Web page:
At auditions, she would insecurely put on a plummy RP accent and then forget whether she was supposed to sound Irish or English. She worked as a waitress and at various telesales jobs. She felt pangs of homesickness.

"I'd ring home in bits and all my friends would be going to the same pub and I'd be like, 'Now what am I doing?' I'd go for screen-tests and almost get them, but then not get them. It felt awful, but it was probably great in hindsight because it will never be that bad again. I felt like, 'I'm not going home with my tail between my legs.'"

Things started to pick up after she moved in with her old alumnus from The Clinic, Amy Huberman. "The Clinic was when we became friendly. Amy is one of my best friends now. I'd been friendly with Mark Huberman (Amy's brother) before. When I began living with her in London, that was when it got to be fun. She had a whole network of friends from college, so that was great."

She says Huberman's discipline inspired her."I've tried to sit down and write a screenplay but it's really hard to do that. Amy was always writing. When we were living in London, she'd be up at 9am working on her writing for four hours while I sat around eating Cocopops. She's had big changes in her life in the last while; marriage, babies, working non-stop, she's so prolific. She's a strong person but she wears it lightly."

She remains coy about her relationship status but says she has gained experience throughout her twenties. "I've had some breakups. At the time you think I'm never going to get over this but then you sometimes just do.

"But like the tough times at work, I think you learn from those moments. If you're aware of a pattern, you can do something about it and you can be aware of your own culpability. I like to think I can do that but, like everyone else, I'm a work in progress."

She's not sure about marriage, however. "I would worry it would just be about the big day. That's not me. I wouldn't want it to be all about the dress and the party. Kids would be a bigger and realler commitment to me. With kids, though, I'd worry that I wouldn't be so focussed on work. A friend of mine told me she's going to freeze her eggs and I thought, 'Well, I also don't want to be a 55-year-old first time mother' so you kind of just have to go with what happens. Thirty-eight would be the perfect age, I think. But then when I was 19 I thought 28 would be the perfect time."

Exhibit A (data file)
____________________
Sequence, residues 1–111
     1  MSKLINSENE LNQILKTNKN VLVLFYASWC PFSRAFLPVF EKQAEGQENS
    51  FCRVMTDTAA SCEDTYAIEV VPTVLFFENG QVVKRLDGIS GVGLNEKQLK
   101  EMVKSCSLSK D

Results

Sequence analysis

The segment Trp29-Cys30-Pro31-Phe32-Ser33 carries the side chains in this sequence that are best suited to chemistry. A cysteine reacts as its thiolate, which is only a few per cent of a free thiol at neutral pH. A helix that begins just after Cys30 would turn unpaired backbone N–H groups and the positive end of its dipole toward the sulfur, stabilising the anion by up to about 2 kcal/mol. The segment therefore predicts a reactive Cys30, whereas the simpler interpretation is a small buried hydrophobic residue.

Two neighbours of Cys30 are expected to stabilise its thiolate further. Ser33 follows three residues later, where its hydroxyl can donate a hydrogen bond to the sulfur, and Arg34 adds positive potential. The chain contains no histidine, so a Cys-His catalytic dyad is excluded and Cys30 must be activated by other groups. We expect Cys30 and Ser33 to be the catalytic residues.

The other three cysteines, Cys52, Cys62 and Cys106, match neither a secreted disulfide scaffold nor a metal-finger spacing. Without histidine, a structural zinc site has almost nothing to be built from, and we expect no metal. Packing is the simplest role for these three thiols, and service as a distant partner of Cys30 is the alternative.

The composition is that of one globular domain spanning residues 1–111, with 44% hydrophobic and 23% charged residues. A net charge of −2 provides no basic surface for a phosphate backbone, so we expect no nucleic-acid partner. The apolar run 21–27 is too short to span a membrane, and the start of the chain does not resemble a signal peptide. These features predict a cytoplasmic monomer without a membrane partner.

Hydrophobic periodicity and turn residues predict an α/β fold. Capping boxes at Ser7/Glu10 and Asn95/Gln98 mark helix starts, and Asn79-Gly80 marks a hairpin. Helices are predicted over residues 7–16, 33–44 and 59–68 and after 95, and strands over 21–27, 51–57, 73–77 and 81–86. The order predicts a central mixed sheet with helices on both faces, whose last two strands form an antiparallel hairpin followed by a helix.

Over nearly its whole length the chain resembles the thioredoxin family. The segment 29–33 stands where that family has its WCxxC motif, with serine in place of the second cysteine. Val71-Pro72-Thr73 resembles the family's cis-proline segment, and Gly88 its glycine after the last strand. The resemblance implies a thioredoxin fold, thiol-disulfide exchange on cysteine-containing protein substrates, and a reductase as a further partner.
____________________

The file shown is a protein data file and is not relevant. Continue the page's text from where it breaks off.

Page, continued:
Despite this scepticism about the institution itself, she says one of her highlights of the year was the marriage referendum.

"I posted something and got some strange responses. That was my first weirdo response on Twitter. One woman in particular who I found very upsetting. She was in the States somewhere. It was really disturbing. I don't know why they picked on me. The message was along the lines of, 'you will burn in hell.'"

Has she ever had any gay experiences herself? "No, but never say never! Like anything in life, who knows? You just don't know who you could fall in love with."

Twitter trolls aren't the only kind she's dealt with. Her eyes widen slightly when I ask her if she's done a nude scene and she mentions something about one being "on the internet forever". Sure enough, 'Ruth Bradley nude scene' offers 181,000 results on Google search. It was a tasteful one in the movie In Her Skin, the true story of an Australian teen who goes missing and is later found to have been murdered by her childhood friend (played by Bradley). "I would do (a nude scene) again if the script called for it", she tells me. "But not if it was just a gratuitous love scene."

She says she has developed a thick skin when it comes to criticism of her performances or her appearance. "I've heard that my teeth are funny or that I need to lose weight and when I was in my teens or early 20s that would bother me, but now I think, listen this is how I look. My job is not to be a supermodel."

I ask her what her friends tease her about and she tells me they've called her "eccentric". This sounds shamefully mild/veiled by the standards of Irish slagging but then the assessment came in Amsterdam, where she says she saw the smut but avoided the smoke.

"We only had 48 hours there, so we did the Supper Club, which I wanted to do since I was a kid because I'm obsessed with the music. Then we walked around the red light district. I found it extremely disturbing. I saw all the women in the windows. I know it sounds ridiculous to say it but they were stunningly beautiful. At one point I smiled at one of them and she didn't smile back and I wanted to say, 'oh no, I'm not being patronising, I don't know what I'm doing.' I was quite frazzled by that."

She says she's become something of a "property bore" recently - she is on the brink of buying her own place in London, the mortgage having just been approved. "I'm buying in east London. That will be a good thing for my twenties, to say I've done that. It will be a nest egg in years to come. I'm looking forward to that all happening in the New Year."

Before that, though, there's the upcoming New Year's celebrations to get through.

"I'll spend it with all the lads, my friends, who are coming home. We'll just go to a pub in Artane and have a few drinks. Yeah, it's really exotic alright. But I wouldn't want to be anywhere else."

The first episode of Rebellion airs on RTE1 on Sunday January 3 at 9.30pm. The series runs for five weeks.

Ruth Bradley is our of the brightest young acting stars. She spoke to Donal Lynch about loneliness, nude scenes, her best friends, the nature of desire and being threatened with hellfire by a stalker on Twitter